question about integrating a subwoofer into an older stereo receiver setup

Discussion in 'Archived Threads 2001-2004' started by ThomasL, Jan 9, 2002.

  1. ThomasL

    ThomasL Supporting Actor

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    I have an old Pioneer stereo receiver 100 watts a channel in my home office and I want to attach a Sony subwoofer that was part of the SA-VE315 package and which is currently going unused. Thisd sub has no crossover management at all as far as I can tell and I believe the specs list that it has an internal crossover of 200 Hz. My question is this.
    If I daisychain the front speakers through the subwoofer does that mean:
    (a) I have to have the sub on in order to get music out of the fronts?
    (b) That when the sub is on it will only send signals ~200 Hz or higher to the front speakers.
    My L/R speakers go down to 70-80 Hz (CSW Newton M50 bookshelf speakers) and I'd rather not have option (b) happening.
    For now, what I've tried as an experiment is running both the mains and the sub from the receiver directly. I realize this will double? the load on the receiver but I only listen at low volumes (never get the volume higher than 1.5 out of 10). I also realize this will boost my bass in relation to the other frequencies since both the fronts and the sub will be handling a range of bass frequencies (say 80 - 200 perhaps).
    One option that is not an option [​IMG] is to buy a new better sub with crossover mgt. since I'm only trying this since it seems like a waste for the Sony to go unused in the closet.
    thanks for any help!
    --tom
     
  2. Jerome Grate

    Jerome Grate Cinematographer

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    I think connecting the sub to your main speakers is one way to do it via sistering the postive together of you left and right speaker and the negative together and running it through the sub. This will give you a mono signal I believe. The other way you can do it is by hooking up the sub to the b portion of the receiver if it has one. Then selecting a & b to drive all speakers. It will require you to turn it up a notch or two when running a & b but It may be a bit safer than the previous remedy. I do find that sometimes the old receivers can take a pounding so if you do remedy one with the sub but in speaker b, I think it'll work.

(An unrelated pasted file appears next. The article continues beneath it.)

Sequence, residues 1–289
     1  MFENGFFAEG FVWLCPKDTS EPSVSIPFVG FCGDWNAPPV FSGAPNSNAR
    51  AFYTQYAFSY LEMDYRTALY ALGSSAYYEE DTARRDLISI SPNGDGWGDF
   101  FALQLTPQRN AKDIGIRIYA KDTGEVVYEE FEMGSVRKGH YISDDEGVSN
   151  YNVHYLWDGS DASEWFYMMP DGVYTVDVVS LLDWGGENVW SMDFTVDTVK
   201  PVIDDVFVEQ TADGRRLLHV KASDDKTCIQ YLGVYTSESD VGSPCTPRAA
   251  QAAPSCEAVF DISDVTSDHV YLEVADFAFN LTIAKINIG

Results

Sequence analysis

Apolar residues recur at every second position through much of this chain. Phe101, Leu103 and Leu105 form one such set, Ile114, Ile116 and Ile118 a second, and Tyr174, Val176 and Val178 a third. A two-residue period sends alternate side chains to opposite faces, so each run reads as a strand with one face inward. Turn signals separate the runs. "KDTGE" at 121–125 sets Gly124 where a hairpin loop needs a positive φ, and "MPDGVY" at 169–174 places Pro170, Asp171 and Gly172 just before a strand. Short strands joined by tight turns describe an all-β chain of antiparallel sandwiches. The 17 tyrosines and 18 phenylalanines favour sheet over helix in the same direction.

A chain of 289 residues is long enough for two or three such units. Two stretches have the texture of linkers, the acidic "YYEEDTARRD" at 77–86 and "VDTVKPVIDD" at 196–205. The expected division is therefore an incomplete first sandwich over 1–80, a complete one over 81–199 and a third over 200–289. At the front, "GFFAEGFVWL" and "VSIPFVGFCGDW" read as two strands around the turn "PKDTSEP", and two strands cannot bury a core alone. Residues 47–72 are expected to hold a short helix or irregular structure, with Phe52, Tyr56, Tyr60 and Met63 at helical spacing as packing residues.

3. ThomasL

    ThomasL Supporting Actor

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    Jerome, thanks for the response. And thanks for reminding me of some info I left out. My old Pioneer (SX-2800) does have A/B channels but for some odd design reason, the Pioneer does not allow playing from both A and B at the same time. If you press down both, neither play. This is how I first tried to wire it and when it didn't work, I figured my other two options were:

    (a) running the receiver L/R outs to the L/R ins on the subwoofer and then running the fronts with the L/R outs on the subwoofer.

    (b) Simply driving both from the L/R outs on the receiver.

    (b) works and I think if I don't drive it that much will work. The only drawback is the boosted bass but because I do have an equalizer I can compensate for in some manner.

    thanks,

    --tom
     
  4. Jerome Grate

    Jerome Grate Cinematographer

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    b) sounds like the best case scenerio for you, Using the eq will definetly tame some of the boominess you maybe experiencing from the sub. Enjoy.
     

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